As the world grapples with the worst energy crisis in generations, the United Nations is warning that a return to fossil fuels must not be considered under any circumstances.
Despite soaring prices and looming winter shortages across Europe, the U.N. is demanding that European nations continue down the path of dependence on unreliable forms of ‘green energy’ because of the “ongoing climate crisis.”
In response to sanctions placed on it after the invasion of Ukraine, Russia has begun to cut off supplies of gas to Europe — sending fuel prices soaring. This, coupled with the consequences of the supply chain crisis caused by the authoritarian reaction to the COVID pandemic, has led to an energy crisis across Europe.
Despite those issues, the U.N. is standing firm in its demands.
“There is no room for backtracking in the face of the ongoing climate crisis,” deputy U.N. rights chief Nada Al Nashif told the United Nations Human Rights Council.
She went on to claim that the devastating floods affecting over 33 million people in Pakistan are an example of what will happen to the rest of the world if there is a massive return to the use of fossil fuels rather than alternative forms of energy.
“How many more tragedies of this sort do we need before the urgency of the moment jolts us into action?” Al Nashif pleaded.
While speaking during the opening of the U.N. Human Rights Council’s 51st session in Geneva, Al Nashif acknowledged that skyrocketing energy prices across Europe “threaten to impact the most vulnerable as winter approaches,” but still called on nations not to look to fossil fuels to help mitigate the problem.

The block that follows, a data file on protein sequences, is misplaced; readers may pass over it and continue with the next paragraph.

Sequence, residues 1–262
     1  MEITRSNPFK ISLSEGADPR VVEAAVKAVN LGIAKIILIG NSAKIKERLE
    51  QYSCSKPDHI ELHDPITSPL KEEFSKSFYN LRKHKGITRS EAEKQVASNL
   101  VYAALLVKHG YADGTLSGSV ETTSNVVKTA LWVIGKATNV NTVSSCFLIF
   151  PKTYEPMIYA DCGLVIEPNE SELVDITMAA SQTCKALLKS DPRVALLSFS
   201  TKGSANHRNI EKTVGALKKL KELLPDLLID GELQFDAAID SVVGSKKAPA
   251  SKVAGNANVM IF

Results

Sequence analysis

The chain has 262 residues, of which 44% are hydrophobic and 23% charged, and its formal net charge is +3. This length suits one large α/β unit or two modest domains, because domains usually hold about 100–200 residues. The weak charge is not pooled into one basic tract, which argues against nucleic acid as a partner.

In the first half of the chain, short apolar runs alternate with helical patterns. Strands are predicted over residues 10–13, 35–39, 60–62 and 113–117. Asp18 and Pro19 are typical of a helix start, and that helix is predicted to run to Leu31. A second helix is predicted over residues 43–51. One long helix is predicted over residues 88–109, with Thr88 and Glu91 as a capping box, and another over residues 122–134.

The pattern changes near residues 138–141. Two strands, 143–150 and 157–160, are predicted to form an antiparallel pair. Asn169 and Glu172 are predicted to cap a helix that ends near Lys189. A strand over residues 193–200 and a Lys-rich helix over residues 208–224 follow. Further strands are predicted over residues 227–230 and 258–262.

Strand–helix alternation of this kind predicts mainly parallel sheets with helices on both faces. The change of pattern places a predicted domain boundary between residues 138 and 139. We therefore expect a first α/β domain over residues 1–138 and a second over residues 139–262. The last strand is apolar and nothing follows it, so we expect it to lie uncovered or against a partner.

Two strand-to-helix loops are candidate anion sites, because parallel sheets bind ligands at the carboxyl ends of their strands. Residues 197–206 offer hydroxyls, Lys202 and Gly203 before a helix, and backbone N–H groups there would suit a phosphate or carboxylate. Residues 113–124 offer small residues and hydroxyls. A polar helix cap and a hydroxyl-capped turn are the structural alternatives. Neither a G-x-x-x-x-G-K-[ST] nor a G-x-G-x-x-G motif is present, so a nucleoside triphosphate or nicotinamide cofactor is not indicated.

She noted that “some E.U. member states are turning to investments in fossil fuels infrastructure and supplies” and declared that they must stop.
“While that impulse is understandable, I urge the E.U. and its member states to consider the long-term consequences of locking in more fossil fuel infrastructure,” Al Nashif said.
“It is essential to accelerate the development of energy efficiency projects and renewables,” she added.
Al Nashif went on to urge all countries “to seek an ambitious outcome” at the next U.N. climate conference — COP27, which is planned for Egypt in November — and said they should seek to “address loss and damage and meet and increase climate finance commitments.”
While the U.N. continues to scold Europe and demand dependence on unreliable green energy, and the Biden administration attempts to do the same within the United States, nothing has changed in China.
A joint paper released in January 2021 by the U.S.-based Global Energy Monitor (GEM) and Helsinki-based Center for Research on Energy and Clean Air (CREA) revealed that “China built over three times as much coal-fired electrical power capacity in 2020 as the rest of the world combined,” according to Breitbart News.
China’s runaway expansion of coal-fired power is not expected to end anytime soon – U.N. demands or not.